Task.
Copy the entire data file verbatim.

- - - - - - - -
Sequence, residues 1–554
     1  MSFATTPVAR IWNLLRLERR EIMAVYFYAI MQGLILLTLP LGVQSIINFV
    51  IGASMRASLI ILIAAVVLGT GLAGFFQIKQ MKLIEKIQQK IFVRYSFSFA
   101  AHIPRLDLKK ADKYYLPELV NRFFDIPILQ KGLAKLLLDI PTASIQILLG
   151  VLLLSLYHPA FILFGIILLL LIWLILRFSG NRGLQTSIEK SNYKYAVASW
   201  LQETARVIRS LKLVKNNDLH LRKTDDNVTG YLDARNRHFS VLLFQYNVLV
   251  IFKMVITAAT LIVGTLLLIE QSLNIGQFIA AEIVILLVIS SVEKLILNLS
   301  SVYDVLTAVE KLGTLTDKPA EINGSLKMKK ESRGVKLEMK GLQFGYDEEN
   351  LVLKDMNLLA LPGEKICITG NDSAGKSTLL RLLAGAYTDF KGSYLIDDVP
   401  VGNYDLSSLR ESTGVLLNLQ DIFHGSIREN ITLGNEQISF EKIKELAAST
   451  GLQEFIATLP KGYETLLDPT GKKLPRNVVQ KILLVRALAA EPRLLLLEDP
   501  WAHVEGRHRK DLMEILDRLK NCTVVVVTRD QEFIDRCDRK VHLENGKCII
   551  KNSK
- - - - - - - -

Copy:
Sequence, residues 1–554
     1  MSFATTPVAR IWNLLRLERR EIMAVYFYAI MQGLILLTLP LGVQSIINFV
    51  IGASMRASLI ILIAAVVLGT GLAGFFQIKQ MKLIEKIQQK IFVRYSFSFA
   101  AHIPRLDLKK ADKYYLPELV NRFFDIPILQ KGLAKLLLDI PTASIQILLG
   151  VLLLSLYHPA FILFGIILLL LIWLILRFSG NRGLQTSIEK SNYKYAVASW
   201  LQETARVIRS LKLVKNNDLH LRKTDDNVTG YLDARNRHFS VLLFQYNVLV
   251  IFKMVITAAT LIVGTLLLIE QSLNIGQFIA AEIVILLVIS SVEKLILNLS
   301  SVYDVLTAVE KLGTLTDKPA EINGSLKMKK ESRGVKLEMK GLQFGYDEEN
   351  LVLKDMNLLA LPGEKICITG NDSAGKSTLL RLLAGAYTDF KGSYLIDDVP
   401  VGNYDLSSLR ESTGVLLNLQ DIFHGSIREN ITLGNEQISF EKIKELAAST
   451  GLQEFIATLP KGYETLLDPT GKKLPRNVVQ KILLVRALAA EPRLLLLEDP
   501  WAHVEGRHRK DLMEILDRLK NCTVVVVTRD QEFIDRCDRK VHLENGKCII
   551  KNSK